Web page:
• A cup of cassava contains 15 percent of your daily folate requirement and 47 percent of the daily calcium requirement. Cassava leaves have a bland taste, so chop the leaves and cook them with meat and vegetables in a stew. This way, you will make a great meal out of the healthy leaf.
  • Folate and vitamin C, both found in plenty in cassava leaves, are very good for the body’s immune system.
  • Since cassava flour is high in carbohydrates, it helps in boosting energy. Not only that, your brain will begin to work more efficiently when you add cassava flour to your meals. Every serving contains 80% of carbohydrates, which is more than enough for your daily consumption.
  • Some experts believe that cassava flour is essential for a balanced nervous system. Not only does it fight stress and anxiety, but also provides support to your overall health.
  • Cassava flour will definitely help you build strong and lean muscles. It contains protein that maintains your muscle health and nourishes the tissues. One serving contains 2 grams of protein, which is enough to meet your daily requirements.
  • Cassava flour significantly lowers blood pressure. This is again because it is high in dietary fiber. Every cup of cassava flour increases your fiber intake by 4 grams.
  • With cassava flour, you can lower the chances of diseases such as osteoporosis. This is because it contains essential minerals such as copper and magnesium that promote a healthy lifestyle. One cup of cassava contains only 206 grams of copper, which covers around 24% of your daily requirement.

How To Care For Your Cassava Plant

Cassava plants produce huge ornamental lobed leaves. They can thrive in the summer as an annual in most regions of the United States.

Warmer temperatures promote the most rapid growth.

There are several chewing pests that cause foliage damage but, otherwise, cassavas are relatively disease and pest free. I have had no isses with pests or bugs here in Central Florida.

The major pests and diseases of cassava are:
1. Thrips and Mites: Can be controlled using a recommended miticide and Insect Growth Regulators. These pests are prevalent during dry periods and decreases as rainfall increases.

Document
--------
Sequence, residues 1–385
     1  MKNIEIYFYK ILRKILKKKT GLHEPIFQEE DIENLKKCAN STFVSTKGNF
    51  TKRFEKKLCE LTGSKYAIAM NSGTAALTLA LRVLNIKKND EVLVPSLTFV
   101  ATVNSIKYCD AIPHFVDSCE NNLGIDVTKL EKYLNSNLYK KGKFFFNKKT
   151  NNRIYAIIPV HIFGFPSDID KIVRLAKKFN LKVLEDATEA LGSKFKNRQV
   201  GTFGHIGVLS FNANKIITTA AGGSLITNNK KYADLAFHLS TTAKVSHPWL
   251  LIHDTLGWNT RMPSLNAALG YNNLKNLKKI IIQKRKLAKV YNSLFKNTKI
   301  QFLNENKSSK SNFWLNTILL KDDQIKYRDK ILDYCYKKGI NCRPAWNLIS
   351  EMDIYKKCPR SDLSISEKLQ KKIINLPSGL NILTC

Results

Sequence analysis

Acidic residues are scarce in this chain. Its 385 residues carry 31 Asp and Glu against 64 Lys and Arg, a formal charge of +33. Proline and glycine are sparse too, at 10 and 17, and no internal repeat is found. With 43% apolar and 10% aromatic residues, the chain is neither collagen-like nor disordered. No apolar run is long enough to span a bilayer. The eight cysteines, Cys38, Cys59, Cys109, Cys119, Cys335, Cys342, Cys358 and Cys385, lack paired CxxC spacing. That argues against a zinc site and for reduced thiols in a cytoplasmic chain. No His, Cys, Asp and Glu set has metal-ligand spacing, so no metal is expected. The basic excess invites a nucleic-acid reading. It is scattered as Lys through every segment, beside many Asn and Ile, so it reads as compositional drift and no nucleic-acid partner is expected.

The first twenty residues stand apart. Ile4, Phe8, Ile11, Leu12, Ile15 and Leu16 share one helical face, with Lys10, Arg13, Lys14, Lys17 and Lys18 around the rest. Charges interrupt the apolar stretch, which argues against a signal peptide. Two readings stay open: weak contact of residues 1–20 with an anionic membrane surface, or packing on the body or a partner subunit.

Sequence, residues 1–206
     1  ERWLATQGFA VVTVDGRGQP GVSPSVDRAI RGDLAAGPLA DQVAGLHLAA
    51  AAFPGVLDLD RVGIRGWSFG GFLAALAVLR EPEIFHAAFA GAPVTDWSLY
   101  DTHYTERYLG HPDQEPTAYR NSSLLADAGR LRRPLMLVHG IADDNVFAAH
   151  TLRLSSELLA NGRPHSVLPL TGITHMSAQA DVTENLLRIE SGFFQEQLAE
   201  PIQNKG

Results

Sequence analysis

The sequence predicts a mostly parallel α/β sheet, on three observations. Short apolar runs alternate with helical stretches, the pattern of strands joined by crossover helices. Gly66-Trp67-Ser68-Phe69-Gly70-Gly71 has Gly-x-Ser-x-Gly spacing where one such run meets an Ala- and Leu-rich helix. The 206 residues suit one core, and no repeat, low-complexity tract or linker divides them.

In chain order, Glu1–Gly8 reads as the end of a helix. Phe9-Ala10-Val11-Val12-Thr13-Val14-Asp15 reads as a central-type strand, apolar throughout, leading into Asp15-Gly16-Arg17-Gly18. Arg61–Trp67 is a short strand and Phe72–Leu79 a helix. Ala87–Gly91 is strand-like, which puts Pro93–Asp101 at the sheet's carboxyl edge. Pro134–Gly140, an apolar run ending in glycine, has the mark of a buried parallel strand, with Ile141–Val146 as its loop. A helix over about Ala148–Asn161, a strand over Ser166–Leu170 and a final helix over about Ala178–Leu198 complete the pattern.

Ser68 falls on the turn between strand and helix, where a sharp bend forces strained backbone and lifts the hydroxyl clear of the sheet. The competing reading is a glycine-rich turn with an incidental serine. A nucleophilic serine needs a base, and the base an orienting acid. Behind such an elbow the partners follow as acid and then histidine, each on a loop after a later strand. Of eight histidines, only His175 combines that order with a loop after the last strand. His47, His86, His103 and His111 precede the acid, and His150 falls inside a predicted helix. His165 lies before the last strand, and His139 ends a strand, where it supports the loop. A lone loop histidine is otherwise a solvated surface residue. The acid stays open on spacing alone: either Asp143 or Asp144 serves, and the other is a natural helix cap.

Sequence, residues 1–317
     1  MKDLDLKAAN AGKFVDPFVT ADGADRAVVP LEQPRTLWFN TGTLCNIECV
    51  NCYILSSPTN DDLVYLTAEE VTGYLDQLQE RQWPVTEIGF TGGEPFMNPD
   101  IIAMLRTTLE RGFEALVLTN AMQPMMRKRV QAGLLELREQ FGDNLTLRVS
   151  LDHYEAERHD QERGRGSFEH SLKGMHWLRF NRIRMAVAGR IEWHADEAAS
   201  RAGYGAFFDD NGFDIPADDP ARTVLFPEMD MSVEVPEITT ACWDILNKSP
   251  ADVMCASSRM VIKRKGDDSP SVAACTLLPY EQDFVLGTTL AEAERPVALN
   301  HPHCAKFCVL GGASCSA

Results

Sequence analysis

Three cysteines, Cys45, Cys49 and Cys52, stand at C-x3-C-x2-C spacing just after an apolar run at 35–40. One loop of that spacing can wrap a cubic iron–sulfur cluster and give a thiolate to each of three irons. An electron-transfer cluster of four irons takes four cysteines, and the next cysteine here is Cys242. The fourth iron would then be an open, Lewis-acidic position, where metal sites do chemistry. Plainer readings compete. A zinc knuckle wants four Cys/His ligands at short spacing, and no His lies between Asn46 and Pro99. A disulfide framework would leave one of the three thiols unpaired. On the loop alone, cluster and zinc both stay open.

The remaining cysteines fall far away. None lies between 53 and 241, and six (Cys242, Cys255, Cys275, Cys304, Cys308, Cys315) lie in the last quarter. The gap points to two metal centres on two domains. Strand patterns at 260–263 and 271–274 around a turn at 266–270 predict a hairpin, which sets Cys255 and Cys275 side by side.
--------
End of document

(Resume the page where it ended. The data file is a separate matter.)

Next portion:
2. Cassava Shoot Fly: Systemic insecticides should be used only during heavy infestations.
3. Chinch bugs: Crotalaria can be used as a trap crop for this bug as well as crop rotation practices which break the life cycle of the bug.
4. Cassava Bacterial Blight, Rust and Super Elongation Disease: Contact the Ministry for advice on proper control measures.

Good cassava plant care should include the use of a slow release fertilizer in spring.

Keep the plants moderately moist.

If you live in areas that get very cold during the winter and you would like to preserve the plant, after harvesting simply move it to a pot indoors before freezing temperatures hit.

Overwinter cassava in a warm, well-lit location and transplant outside when soils heat back up.


How Is The Cassava Used?

There are many uses for the Cassava.

Dried roots can be milled into flour.

Roots can be peeled, grated and washed with water to extract the starch which can be used to make breads, crackers, pasta and pearls of tapioca.

Industrial uses for cassava include manufacture of products including

  • paper-making
  • textiles
  • adhesives
  • high fructose syrup
  • alcohol

Please check out the following videos for several other ways that cassava is used.

How To Make Jamaican Bammy

Bammy, Made From Cassava Root

When I was growing up in Jamaica and Grand Cayman, bammy was one fo those foods that I enjoyed eating. I even went to a factory on a school field trip, where I saw them being made, when I was around 8 years old.

Bammy is a traditional Jamaican cassava flatbread descended from the simple flatbread eaten by the Arawaks, Jamaica's original inhabitants. Today, it is produced in many rural communities and sold in stores and by street vendors in Jamaica and abroad.

Bammies have been consumed since pre-Columbian times and is believed to have originated with the native Arawak people. For centuries, it was the bread staple for rural Jamaicans until the cheaper, imported wheat flour breads became popular in the post-World War II era.

In the 1990s, the United Nations and the Jamaican government established a program to revive bammy production and to market it as a modern, convenient food product.